What I have learned from my clients

Steve Lear |

by Steve Lear, ChFC, CLU
Principal and Financial Planner

The first thing you need to know is who my clients are. In my opinion, I have the world’s best clients. I would characterize them as being prudent (for the most part!), planful, thoughtful, curious, and caring about others. I truly hope that I'm considered a reflection of both my colleagues and the clients who I assist in reaching their financial objectives.

The Millionaire Next Door

However, I'm certain that my clients don't represent the world in general, although I believe that a huge number of the world’s inhabitants aspire to be like my clients. The book The Millionaire Next Door [1] has the following descriptions of the people I would characterize as my clients.

  • They live well below their means.
  • They allocate their time, energy, and money efficiently, in ways conducive to building wealth
  • They believe that financial independence is more important than displaying high social status
  • Their parents did not provide economic outpatient care.
  • Their adult children are economically self-sufficient.
  • They are proficient in targeting market opportunities.
  • They chose the right occupation.

With that in mind, what have I learned?

Connect with others
If possible, do not live alone. The vast majority of my clients either have a spouse, a significant other, or children. And if not, they live in some kind of communal setting. These individuals have mentioned to me that even being able to say hello to somebody during the day makes them feel more connected. Being connected to one another appears to be one of the major ingredients in living a long, healthy, meaningful life. [2]

Continue to contribute until you cannot
My older clients who have transitioned to a non-traditional working arrangement appear to have the greatest amount of energy and enjoyment. My definition of non-traditional work is a regularly scheduled time set aside for contributing to others, either for pay or not for pay.

People need deadlines and structure—many individuals would never get anything done without them. In fact, one of the most important aspects of structure is arranging to spend time every day getting out of the house and being somewhere, doing something for someone. You don’t need to spend the entire day, but you do need to spend at least a portion of it.

Contributing can be in the form of doing anything for another person, be it helping to raise a grandchild or helping take care of a peer.

Contributing is also about engagement—about continuously learning and growing. I have found that people who are no longer engaged start to lose their edge. As they become less interested in the world, they become less interesting.

The bottom line—contributing your time (and money, if possible) makes for a better life for everyone.

Set goals
Another thing I've learned from my clients is that life is about far more than investments. I haven’t tracked this, but I am guessing that in a 60-minute meeting, approximately 10 minutes of it will focus on the specifics of investment management. The vast majority of time is spent on creating realistic expectations of what is going to be needed to reach a goal. Often times the discussion might focus on “What would be a wise goal now?”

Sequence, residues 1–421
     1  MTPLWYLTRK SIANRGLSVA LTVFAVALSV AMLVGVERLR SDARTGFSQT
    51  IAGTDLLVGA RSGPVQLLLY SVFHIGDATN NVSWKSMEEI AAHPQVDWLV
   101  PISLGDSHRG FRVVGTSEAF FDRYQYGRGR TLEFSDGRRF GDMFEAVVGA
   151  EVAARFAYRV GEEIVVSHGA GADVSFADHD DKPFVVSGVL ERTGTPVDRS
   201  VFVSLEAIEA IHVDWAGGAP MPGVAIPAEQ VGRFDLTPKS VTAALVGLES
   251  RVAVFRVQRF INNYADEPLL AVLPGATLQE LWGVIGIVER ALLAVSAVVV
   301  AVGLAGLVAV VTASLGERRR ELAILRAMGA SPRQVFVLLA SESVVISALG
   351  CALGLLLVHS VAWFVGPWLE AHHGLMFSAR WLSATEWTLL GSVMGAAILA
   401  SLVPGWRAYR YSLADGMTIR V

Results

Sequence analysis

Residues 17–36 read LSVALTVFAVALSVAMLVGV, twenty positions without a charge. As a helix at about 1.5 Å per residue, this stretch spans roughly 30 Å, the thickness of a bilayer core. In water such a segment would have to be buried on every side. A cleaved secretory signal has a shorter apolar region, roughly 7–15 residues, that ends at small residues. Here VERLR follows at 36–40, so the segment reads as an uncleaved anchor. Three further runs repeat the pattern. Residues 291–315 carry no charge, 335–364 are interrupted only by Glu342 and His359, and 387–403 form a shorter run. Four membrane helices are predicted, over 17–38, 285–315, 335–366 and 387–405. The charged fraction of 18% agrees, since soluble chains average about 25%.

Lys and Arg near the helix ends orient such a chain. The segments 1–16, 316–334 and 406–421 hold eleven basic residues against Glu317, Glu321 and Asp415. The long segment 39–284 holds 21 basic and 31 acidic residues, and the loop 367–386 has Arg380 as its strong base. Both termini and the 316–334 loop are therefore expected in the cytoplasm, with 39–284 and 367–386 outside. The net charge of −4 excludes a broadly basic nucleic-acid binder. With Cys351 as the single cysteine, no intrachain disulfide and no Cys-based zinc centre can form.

Life is like baseball

baseball.jpegNothing is static. We progress from one situation to another and the financial remedy for one situation is oftentimes not the remedy for the next. The most joyful of my clients are the ones who can consistently hit the curve balls that inevitably come their way—not for a home run, but for a single or perhaps a double.

Seeking balance can lead to conflict.

While conflict is not bad, seeking integration, and therefore harmony, is better than seeking balance

I have been asked to seek balance in my life. People have accused me of being a workaholic, but when I’m asked to seek balance, I start to feel conflict and guilt. I have witnessed many joyful clients who appear to have balance, but I have learned from them that this is not balance in the sense of discrete portions of time spent on one activity after another. I now view balance more as integration.

One of my sources of inspiration was the following from Padmasree Warrior, U.S. CEO of NextEV:

I don't like the word ‘balance.’ To me, that somehow conjures up conflict between work and family... as long as we think of these things as conflicting, we will never have happiness. True happiness comes from integration... of work, family, self, community. [3]

Collect relationships, not things
Most people spend a lot of time thinking about housing, and as a topic, it’s often discussed in the financial sense. We spend time buying, selling, and trading homes—as well as what goes into the home and what needs to be done to make the home more pleasant. People collect homes as well as stuff that is stored in homes.
But the most joyful clients I have are those who have collected relationships. Some of those relationships are deep and others are more casual, but regardless, relationships truly appear to be the key to a joyful life.



[1] Thomas J. Stanley and William D. Danko. The Millionaire Next Door: The Surprising Secrets of America's Wealthy. 1996.
[2] For more on this subject, see:
[3] Read more by Padmasree Warrior at: http://www.brainyquote.com/quotes/authors/p/padmasree_warrior.html

The views and opinions shared in this article are strictly those of Steve Lear and do not represent Affiance Financial or Cetera. Further, nothing in this article should be viewed as financial advice. Please consult with your financial professional.